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Provision of urban thermal comfort: a socio-technical approach to climate responsive urban design

Peker, E. (2016) Provision of urban thermal comfort: a socio-technical approach to climate responsive urban design. PhD thesis, University of Reading

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Abstract/Summary

This research claims that urban design as a discipline has the potential to catalyse the production of more climate responsive urban living environments. This is now a goal for many governments who are looking for ways to tackle climate change. The research argues that a climate responsive design (CRD) approach, which originated in the field of architecture, can be scaled-up to wider urban scales in order to activate the catalysing power of urban design. Climate responsive urban design (CRUD) can help to reduce energy consumption for the provision of thermal comfort in different layers of urban life. However, its application calls for the integration of `technical knowledge(s)` (i.e. building form, street geometry, density) and `social knowledge(s)` (i.e. lifestyle, socio-cultural values) that are generated through everyday life experiences and socio-cultural relationships of local people. Adopting a socio-technical approach, the research was conducted in Mardin, Turkey, a city in the south east of the country and a candidate for the UNESCO World Heritage List. Part of the city (the ‘Old Town’) evidences a mode of urban development that has been developed over thousands of years in response to climatic conditions, people’s lifestyles and their socio-ecologic values. The research takes a comparative approach to explore the similarities and differences between the way(s) in which urban thermal comfort is evidenced and provided within the ‘Old Town’ heritage site and a contemporary (‘New Town’) development delivered by the Turkish government using a standardized design. Various techniques such as in-depth interviewing, technical measurements (i.e. temperature, humidity), street questionnaires, ethnographic observation, photographing and video-recording were used. The results present that the current urban development pattern fits neither local requirements nor respond sufficiently to climatic variations of the type seen in Mardin. The research elaborates this mismatch by highlighting the responsive design clues/traces from the vernacular (‘Old Town’) urban development pattern which offer more responsive environments for the provision of thermal comfort. The research shows that, in order to achieve truly sustainable urban development, there is a need to (re)define climate responsive urban design to better respond to local climatic characteristics and consider local people`s perceptions and comfort requirements under specific climatic conditions.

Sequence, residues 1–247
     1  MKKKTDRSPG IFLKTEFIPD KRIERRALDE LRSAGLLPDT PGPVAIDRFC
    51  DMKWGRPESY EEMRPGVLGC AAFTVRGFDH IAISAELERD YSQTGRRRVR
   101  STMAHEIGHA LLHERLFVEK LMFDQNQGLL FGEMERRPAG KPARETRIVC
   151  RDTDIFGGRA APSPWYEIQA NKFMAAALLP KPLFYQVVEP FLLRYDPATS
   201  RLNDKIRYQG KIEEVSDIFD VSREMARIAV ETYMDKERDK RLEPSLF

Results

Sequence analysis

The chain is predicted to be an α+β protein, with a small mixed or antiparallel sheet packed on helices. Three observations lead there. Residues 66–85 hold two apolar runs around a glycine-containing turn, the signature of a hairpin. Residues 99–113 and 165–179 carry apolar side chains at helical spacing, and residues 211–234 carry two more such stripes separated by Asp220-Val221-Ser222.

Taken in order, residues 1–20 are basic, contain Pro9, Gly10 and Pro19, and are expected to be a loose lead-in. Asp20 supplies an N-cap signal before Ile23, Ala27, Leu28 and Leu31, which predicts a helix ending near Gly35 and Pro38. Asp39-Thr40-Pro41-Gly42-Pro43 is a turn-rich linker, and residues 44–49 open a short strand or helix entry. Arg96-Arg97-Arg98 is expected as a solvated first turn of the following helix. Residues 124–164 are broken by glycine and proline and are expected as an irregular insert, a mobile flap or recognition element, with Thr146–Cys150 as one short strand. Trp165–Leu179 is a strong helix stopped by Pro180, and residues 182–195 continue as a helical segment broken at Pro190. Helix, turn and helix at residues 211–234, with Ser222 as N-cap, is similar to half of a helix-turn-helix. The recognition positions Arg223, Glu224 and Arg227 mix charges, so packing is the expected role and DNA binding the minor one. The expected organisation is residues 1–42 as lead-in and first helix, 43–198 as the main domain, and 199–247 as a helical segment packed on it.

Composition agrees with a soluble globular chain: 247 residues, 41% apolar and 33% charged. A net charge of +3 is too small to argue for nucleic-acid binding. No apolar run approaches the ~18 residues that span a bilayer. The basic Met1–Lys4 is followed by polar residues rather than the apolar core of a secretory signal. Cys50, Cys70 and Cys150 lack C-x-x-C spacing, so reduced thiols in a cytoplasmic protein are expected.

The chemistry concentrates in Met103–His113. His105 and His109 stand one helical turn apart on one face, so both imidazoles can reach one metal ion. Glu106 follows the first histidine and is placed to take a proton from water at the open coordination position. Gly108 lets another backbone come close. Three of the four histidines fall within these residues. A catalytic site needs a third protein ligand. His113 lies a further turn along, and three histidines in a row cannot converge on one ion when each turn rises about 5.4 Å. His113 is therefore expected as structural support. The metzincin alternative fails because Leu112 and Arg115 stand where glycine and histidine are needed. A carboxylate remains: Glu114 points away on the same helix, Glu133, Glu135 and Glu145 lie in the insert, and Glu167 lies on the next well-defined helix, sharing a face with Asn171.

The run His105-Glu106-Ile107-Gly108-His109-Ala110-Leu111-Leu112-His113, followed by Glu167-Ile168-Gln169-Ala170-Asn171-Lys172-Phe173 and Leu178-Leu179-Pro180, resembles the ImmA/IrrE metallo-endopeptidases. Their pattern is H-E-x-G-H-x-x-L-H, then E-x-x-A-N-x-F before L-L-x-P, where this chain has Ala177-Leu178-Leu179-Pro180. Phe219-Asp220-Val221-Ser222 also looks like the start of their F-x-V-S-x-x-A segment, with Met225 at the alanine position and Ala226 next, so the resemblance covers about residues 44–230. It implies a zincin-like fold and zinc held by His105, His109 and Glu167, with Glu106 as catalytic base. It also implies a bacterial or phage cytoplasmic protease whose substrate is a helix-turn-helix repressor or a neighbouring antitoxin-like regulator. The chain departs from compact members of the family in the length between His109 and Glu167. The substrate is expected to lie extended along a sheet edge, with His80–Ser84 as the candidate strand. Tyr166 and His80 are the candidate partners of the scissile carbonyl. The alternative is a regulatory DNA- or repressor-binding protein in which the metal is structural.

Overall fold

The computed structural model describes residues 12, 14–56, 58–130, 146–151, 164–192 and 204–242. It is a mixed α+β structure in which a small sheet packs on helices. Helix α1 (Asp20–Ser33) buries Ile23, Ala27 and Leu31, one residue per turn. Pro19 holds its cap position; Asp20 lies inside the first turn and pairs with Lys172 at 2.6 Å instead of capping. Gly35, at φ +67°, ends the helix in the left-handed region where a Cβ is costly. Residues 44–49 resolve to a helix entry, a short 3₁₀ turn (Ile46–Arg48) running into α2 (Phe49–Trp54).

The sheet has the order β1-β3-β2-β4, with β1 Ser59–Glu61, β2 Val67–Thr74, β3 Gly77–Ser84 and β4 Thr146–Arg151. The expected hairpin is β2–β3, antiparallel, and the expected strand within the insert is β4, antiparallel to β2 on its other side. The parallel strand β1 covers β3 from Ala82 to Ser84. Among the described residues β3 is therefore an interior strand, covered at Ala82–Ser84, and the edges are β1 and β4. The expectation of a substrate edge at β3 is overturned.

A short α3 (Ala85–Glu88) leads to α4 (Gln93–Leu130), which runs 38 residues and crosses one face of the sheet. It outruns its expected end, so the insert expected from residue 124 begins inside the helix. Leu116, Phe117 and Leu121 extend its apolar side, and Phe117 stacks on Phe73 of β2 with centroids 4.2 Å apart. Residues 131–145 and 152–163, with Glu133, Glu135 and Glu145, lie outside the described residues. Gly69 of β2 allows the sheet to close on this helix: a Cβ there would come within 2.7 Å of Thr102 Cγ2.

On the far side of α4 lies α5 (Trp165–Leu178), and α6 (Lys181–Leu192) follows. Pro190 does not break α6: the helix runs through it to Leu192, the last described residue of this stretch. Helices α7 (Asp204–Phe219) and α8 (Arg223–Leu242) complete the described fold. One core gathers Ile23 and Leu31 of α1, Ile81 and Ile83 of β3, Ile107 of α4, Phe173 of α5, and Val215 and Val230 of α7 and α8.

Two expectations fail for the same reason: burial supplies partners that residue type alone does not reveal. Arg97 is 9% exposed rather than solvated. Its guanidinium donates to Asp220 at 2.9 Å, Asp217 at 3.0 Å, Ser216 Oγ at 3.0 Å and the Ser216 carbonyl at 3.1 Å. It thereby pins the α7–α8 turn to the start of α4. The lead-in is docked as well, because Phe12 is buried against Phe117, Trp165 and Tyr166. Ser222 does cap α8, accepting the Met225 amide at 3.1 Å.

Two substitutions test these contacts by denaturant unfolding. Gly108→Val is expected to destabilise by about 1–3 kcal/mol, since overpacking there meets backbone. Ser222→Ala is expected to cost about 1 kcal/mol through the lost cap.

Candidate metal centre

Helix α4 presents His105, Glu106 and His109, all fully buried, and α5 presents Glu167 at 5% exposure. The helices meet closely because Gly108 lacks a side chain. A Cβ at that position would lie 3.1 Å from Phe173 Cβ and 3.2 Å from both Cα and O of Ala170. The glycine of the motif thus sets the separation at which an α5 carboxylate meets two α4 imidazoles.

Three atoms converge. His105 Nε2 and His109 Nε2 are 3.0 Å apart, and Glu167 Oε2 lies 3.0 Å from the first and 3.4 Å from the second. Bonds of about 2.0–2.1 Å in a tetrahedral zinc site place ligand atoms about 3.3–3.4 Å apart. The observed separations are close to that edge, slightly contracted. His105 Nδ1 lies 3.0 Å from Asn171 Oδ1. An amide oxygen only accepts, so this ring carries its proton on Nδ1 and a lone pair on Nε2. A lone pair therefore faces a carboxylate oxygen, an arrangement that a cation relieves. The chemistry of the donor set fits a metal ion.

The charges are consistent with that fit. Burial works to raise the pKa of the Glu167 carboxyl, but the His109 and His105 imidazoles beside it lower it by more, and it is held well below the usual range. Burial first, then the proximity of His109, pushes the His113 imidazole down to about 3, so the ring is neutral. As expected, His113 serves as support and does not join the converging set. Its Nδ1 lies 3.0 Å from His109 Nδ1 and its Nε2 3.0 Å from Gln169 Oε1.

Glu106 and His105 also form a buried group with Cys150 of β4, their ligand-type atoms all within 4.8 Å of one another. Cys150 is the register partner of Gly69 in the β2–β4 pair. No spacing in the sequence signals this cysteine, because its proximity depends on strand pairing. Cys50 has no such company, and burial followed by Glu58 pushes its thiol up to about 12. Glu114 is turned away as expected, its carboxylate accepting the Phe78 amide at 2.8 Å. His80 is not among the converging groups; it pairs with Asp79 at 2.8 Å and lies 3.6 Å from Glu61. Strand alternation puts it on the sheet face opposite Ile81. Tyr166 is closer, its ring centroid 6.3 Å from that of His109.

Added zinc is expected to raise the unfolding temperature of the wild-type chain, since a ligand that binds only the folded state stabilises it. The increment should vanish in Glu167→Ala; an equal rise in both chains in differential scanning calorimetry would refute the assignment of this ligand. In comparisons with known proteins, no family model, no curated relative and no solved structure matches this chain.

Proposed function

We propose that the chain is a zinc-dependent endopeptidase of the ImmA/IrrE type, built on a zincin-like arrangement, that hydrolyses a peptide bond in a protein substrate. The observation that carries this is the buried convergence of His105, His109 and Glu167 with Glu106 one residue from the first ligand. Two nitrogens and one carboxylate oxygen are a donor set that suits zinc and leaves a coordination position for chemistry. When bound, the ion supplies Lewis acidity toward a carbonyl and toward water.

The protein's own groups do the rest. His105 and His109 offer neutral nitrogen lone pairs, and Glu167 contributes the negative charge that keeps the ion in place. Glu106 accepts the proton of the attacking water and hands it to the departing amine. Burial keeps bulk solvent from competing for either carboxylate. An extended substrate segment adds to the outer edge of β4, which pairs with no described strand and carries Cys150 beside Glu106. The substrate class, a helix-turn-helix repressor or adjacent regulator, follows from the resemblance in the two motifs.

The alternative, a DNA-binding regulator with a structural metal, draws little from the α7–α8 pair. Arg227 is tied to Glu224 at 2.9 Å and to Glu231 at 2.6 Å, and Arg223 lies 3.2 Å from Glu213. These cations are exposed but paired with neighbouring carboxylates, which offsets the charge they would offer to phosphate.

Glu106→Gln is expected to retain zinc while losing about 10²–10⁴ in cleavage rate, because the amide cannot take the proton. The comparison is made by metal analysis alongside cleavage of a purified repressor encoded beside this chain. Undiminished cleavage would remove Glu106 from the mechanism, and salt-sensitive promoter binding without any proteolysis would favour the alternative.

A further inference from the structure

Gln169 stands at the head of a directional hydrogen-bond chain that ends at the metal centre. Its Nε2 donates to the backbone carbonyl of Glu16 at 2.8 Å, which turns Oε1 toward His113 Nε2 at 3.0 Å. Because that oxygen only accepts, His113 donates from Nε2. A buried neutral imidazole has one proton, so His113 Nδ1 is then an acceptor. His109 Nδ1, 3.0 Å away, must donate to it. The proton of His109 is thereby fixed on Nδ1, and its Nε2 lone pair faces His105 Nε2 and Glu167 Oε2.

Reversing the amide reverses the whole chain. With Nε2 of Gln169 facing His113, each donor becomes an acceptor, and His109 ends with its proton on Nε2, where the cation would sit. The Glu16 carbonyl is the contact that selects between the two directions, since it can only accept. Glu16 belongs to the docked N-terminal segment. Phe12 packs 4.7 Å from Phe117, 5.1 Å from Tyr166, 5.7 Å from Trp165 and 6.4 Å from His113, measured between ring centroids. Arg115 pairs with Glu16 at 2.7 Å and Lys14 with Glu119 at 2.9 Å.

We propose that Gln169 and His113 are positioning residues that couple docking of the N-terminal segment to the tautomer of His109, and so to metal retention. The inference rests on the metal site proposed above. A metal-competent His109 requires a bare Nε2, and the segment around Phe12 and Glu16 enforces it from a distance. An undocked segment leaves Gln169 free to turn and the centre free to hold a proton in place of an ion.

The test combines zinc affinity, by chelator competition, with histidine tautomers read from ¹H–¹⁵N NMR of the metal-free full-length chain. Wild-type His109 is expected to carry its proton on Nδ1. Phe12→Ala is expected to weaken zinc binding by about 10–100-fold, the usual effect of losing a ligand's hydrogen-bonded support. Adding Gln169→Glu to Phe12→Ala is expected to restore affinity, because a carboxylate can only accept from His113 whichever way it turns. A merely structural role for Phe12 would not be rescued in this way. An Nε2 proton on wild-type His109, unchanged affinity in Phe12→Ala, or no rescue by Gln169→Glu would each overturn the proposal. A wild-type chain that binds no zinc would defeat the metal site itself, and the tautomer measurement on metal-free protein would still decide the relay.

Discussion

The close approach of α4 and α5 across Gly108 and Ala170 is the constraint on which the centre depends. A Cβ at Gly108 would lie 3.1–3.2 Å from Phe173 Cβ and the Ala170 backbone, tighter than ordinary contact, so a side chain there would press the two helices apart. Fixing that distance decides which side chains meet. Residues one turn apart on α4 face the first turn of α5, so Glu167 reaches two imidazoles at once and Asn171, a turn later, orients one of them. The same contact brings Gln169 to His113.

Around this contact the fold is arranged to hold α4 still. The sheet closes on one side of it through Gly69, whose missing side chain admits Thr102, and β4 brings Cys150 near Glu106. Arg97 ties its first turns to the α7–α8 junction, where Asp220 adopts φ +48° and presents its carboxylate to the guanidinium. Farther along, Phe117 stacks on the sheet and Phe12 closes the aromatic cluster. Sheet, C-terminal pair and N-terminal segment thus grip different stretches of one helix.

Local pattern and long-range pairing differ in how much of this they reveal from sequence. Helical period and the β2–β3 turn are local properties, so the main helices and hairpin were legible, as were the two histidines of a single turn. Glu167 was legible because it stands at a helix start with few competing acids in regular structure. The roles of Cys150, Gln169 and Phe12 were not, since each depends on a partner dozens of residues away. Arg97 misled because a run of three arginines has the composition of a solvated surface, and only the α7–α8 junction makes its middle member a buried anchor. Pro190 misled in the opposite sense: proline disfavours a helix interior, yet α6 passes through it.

Item Type:Thesis (PhD)
Thesis Supervisor:Street, E. and Yao, R.
Thesis/Report Department:School of Real Estate and Planning
Identification Number/DOI:
Divisions:Henley Business School > Real Estate and Planning
ID Code:66475

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